At what point do we ever let go?
I was in the bathroom getting ready and was unable to get to my phone. In a matter of about 30 seconds my cell phone went off twice with messages, rang once, and my hotel room phone rang twice.
Kaitlyn and I were traveling this weekend with the CWD conference; Focus on Technology in Virginia. With my heart racing a mile a minute, I was convinced something was wrong, and raced out of the bathroom to find out that it was just a text message I had sent that a friend was trying to clarify.
No one did anything wrong. But I panicked.
It took me a while to relax and I had to focus the anger that I felt toward my good friend who was trying to contact me. But that was not the problem. The problem was with me. It caught me at a moment when I knew nothing wrong could ever happen to Kaitlyn or Rob; they are old enough now….right?
It was a big error in judgement on my part to think that diabetes would ever be ‘done with them’. It won’t be until we cure it once and for all. We cannot build this false sense of security, ever, that we are ‘out of the woods.’ Something will happen to remind us otherwise. Today was my reminder.
Clearly knowing that it was February 3rd, “23”, the reminder of that fateful day when a friend lost her son. Perhaps I was ‘on edge’ to begin with, but I dropped my guard. I should know better. I panicked at a series of calls that were nothing more than a series of calls. But it was the perfect reflection furthering the point that we should always be on guard with our kids; and always in touch with them.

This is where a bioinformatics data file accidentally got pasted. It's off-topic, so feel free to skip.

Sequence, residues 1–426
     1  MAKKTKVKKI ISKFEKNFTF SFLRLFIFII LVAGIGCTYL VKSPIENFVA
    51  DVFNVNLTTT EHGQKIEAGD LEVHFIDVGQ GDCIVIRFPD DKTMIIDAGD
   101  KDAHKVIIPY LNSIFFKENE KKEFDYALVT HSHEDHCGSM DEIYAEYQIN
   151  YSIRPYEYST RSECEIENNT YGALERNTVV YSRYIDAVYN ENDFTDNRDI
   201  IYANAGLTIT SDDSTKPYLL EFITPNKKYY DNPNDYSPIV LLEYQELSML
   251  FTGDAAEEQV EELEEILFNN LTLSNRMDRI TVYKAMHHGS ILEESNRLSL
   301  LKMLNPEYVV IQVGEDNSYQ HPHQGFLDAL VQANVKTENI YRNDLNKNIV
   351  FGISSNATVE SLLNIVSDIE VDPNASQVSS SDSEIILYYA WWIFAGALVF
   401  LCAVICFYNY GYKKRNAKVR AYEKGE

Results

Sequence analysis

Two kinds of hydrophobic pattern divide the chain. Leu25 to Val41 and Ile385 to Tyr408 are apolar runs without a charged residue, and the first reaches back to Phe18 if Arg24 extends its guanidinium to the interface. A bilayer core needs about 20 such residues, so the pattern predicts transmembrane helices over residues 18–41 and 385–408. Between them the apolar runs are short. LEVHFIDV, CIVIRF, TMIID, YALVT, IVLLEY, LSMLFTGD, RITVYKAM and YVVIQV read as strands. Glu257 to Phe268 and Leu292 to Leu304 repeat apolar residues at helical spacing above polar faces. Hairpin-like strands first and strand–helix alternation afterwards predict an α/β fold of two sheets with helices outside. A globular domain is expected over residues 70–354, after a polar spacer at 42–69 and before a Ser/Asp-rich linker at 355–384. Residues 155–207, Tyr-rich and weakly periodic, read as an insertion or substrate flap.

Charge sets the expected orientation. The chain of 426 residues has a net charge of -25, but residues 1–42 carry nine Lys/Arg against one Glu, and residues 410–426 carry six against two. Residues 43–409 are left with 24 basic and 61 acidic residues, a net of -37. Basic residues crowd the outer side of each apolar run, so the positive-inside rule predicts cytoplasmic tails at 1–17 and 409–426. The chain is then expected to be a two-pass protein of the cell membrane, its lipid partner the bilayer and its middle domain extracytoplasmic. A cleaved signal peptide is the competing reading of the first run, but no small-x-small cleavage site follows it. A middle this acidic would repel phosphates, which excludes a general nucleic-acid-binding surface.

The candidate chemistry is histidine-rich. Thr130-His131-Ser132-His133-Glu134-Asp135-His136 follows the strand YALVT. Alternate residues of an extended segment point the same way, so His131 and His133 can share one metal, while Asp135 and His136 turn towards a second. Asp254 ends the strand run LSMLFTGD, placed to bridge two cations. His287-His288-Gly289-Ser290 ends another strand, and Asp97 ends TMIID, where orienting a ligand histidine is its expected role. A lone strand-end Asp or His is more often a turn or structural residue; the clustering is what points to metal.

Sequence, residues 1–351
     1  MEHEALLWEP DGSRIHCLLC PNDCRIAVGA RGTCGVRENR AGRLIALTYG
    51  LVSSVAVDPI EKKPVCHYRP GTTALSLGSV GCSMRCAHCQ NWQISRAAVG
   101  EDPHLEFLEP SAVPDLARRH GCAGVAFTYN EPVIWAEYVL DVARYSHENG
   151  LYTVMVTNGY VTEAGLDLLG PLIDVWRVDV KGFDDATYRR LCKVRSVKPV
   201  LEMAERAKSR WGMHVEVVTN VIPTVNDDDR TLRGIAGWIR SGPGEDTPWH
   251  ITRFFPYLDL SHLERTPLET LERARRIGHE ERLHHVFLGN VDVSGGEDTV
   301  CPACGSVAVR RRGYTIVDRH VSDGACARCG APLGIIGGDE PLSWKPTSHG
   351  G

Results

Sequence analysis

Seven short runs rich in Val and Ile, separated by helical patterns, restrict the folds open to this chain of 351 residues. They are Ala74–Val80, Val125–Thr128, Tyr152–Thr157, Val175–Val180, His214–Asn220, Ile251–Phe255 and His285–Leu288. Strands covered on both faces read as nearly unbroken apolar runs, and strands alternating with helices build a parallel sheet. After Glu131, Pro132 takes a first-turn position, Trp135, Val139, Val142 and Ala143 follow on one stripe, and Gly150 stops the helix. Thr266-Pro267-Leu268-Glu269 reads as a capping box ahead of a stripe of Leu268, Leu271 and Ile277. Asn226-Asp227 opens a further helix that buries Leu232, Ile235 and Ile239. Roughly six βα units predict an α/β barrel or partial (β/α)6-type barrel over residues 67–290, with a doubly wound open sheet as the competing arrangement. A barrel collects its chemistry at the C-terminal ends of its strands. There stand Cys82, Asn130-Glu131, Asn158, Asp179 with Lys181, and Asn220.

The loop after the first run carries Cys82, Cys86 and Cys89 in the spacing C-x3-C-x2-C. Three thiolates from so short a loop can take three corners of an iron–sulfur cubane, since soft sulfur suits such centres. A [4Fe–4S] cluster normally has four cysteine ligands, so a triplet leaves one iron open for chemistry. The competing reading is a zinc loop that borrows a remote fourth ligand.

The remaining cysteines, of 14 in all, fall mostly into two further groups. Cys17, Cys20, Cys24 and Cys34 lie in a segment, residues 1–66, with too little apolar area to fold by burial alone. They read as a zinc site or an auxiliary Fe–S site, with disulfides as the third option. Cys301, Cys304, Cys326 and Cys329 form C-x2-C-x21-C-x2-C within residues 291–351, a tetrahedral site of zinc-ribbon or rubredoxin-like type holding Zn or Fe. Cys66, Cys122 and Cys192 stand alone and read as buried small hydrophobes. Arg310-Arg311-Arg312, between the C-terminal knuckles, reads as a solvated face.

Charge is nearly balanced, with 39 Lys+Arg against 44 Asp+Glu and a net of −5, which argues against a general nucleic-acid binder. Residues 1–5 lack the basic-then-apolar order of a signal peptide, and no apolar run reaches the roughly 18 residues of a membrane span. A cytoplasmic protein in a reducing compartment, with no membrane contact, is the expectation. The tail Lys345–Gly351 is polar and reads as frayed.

We need to cure diabetes. I had a great conversation with Ed Damiano this weekend and he made a point that I found absolutely fabulous; the ‘artificial pancreas’ by the very nature of its name, will tell you that it is not a cure: “Artificial”. A management tool at best. Although it might be a good one, time will tell. He is working on an extremely promising management tool called a bionic pancreas, as he calls it. All much anticipated tools for the diabetes tool kit.
So to me; a cure must be a cure must be a cure. We need to re-find and rekindle that focus as a community and challenge those working toward that end to work expeditiously; tomorrow is too far away.
Nothing else will do.
I am a diabetes dad.
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